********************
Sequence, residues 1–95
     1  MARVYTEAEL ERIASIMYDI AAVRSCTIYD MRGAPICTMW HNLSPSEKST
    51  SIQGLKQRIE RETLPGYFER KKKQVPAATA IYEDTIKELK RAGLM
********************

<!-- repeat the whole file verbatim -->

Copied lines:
Sequence, residues 1–95
     1  MARVYTEAEL ERIASIMYDI AAVRSCTIYD MRGAPICTMW HNLSPSEKST
    51  SIQGLKQRIE RETLPGYFER KKKQVPAATA IYEDTIKELK RAGLM